Issue No. 16, Spring 2016

The Eclipse
Rebecca Harrison

Charlotte looked out her window through the noonday light. The prairie stretched in winds and horizons. Past the earth and grasstops, a patch of darkness swallowed the skies. Sunlight shrank at its edges. Darkness plummeted on the town below. Bird flocks circled the blackness.

She heard her parents’ low words from the next room, wrapped her shawl tighter and tried to see into the distant black roads. Carts of townspeople clamoured across the earth flats. A shiver ran over her. She ached to walk dust paths in the strange dark. She crept past her parents, ran from their wooden house and saddled her horse. The grasslands shook with hooves and winds. As she rode through the hard sun, she heard her mother calling her name. The sky was heavy with bird wings. She heard shouts as she galloped past wagons towards the towering dark. She stared across the prairie vasts to the unseen town. Blackness loomed to the sky tops. She wondered if anyone was there among the corners and doorways she had known. She stared

deeper but couldn’t see. Racing onwards, she heard her heart below the winds. The town loomed nearer. A wall of darkness reached across her view. She stopped, shivering as cool gusts swept over her from the inky land. The air was sharp with crow cries. She tied her horse to a thin tree and walked forward. A sheet of blackness fell to the dust. Her steps stilled as she felt the bright day narrow behind her. She stood in the sunlight and saw star-glint and night clouds. She felt alone with the dark.


At home, she moved through rooms crammed with townspeople. She tried to glimpse the distant gloom from windows as she watched her mother stir a big pot of stew. The kitchen felt large with her mother’s silence.

“Where’ve you been? There’s plenty of folk without places to stay tonight,” her mother said, without looking from the pot. “Go and make some hay beds in the barn. Anywhere there’s space.” Charlotte rushed from the house. She swept dirt and shaped hay, hands trembling as she tried to imagine stepping inside the shrouded town. She lingered in the barn doorway watching sunset seep around the faraway darkness. Then she hurried back into the house and helped her mother hand bowlfuls of stew to the townspeople. As her father lit oil lamps, she sank into a corner and looked round at faces and shadows. Blue dusk filled the windows.

“They say it’s a man that brings the darkness,” an old woman said. Her face looked sore from the wind.

“That’s just talk, Ma,” a broad woman hushed her. “It’ll be gone by sun up.” Charlotte inched near to the old woman.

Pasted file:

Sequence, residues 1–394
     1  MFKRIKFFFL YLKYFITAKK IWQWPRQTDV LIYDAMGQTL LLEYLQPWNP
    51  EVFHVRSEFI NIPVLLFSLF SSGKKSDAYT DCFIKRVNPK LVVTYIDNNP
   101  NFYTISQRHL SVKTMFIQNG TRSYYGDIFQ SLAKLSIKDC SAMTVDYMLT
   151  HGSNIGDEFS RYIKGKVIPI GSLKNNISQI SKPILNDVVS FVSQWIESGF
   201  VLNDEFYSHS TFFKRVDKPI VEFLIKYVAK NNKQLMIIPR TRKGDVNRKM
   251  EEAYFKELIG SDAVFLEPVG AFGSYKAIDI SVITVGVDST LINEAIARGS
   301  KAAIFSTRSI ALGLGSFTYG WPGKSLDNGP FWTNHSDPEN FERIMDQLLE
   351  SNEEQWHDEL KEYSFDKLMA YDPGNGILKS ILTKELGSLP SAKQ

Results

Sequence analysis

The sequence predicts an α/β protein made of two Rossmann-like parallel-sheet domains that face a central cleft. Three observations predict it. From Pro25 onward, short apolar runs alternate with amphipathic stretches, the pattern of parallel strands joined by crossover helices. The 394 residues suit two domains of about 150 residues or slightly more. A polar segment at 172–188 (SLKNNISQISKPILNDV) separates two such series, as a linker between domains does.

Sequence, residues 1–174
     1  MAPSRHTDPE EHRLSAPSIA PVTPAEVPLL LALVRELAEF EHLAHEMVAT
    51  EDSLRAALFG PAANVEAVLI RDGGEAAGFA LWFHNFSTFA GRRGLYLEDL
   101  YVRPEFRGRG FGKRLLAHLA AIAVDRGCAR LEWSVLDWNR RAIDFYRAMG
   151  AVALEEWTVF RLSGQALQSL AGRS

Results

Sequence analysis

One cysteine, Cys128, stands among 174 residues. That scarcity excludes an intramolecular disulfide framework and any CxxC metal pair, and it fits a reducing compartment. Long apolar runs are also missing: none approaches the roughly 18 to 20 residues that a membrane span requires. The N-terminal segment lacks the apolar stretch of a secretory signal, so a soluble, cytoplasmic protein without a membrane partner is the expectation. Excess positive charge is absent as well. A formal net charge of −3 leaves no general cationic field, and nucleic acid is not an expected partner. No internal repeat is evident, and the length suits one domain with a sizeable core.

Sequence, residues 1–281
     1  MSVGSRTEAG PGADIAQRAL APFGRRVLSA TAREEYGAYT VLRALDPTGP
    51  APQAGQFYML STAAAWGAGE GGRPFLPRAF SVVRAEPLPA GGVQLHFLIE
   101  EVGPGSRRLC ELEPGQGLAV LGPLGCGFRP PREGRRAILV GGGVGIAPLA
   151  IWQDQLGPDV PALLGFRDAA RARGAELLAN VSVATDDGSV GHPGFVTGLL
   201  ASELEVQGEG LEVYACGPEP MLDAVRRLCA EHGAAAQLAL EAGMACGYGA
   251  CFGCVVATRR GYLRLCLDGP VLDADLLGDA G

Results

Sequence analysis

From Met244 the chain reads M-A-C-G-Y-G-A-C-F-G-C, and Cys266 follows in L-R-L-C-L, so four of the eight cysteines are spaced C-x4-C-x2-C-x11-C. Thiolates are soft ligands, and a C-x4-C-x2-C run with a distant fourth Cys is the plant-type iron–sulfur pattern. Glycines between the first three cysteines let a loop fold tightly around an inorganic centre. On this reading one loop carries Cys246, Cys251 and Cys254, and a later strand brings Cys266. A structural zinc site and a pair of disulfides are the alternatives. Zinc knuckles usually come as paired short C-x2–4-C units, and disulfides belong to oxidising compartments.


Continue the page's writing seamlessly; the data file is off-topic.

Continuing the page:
“What kind of a man?” she whispered. The old woman leaned close.

“He moves about the land and it goes with him.” Charlotte felt the room tighten.

“Have you seen him?” Her words shook. She startled at her mother’s grip on her shoulder.
Charlotte settled children and handed blankets and quilts to townspeople. Her mother closed the window shutters. The house was warm with muffled voices. She lingered in a corner watching shadow shapes in the oil light until her father put out the lamps. Then she crept to bed. Night hours drifted between the wooden walls. She listened to folk sleeping and felt the strange skies past the prairie winds. She opened her shutters and looked out at the night. The grasslands billowed with silver light but the town stayed moonless. Remembering the old woman’s words, she wondered if there was a man who walked darkness across the land. She thought of sunless cities and valleys. She tried to picture his footsteps in the dust. She remembered when she was younger, leading the other children to go wind catching in the trees. In leafy heights, they tried to catch gusts in their hands. She always climbed furthest, past the other children’s reach.


Crow calls startled her awake. Fearing the black skies gone, she rushed to her window. Sunrise stained the prairie horizons, but the gloom remained on the town. She dressed swiftly and crept downstairs. Townspeople huddled in corners and low words. The house was chill with voices she did not know. Hearing her mother’s footsteps in the room above, she hurried outside into the dawn winds. She saddled her horse and galloped beneath flock swirls and sky tops. The day smelled of rock and dew. As she rode, she tried to picture town places now empty of song and chatter. She thought about setting candles in the windows. She rode faster until the blackness stretched across her path. Tying her horse to the thin tree, she walked forward, trying to see town shapes beyond the day’s edge. She reached out to touch the darkness. Then she stepped into the starlit cool. She heard her heart beneath the silence. Her view strained and softened into rooftops and pathways. The old road was hard under her feet. She glanced back at the prairie green and walked on to the town.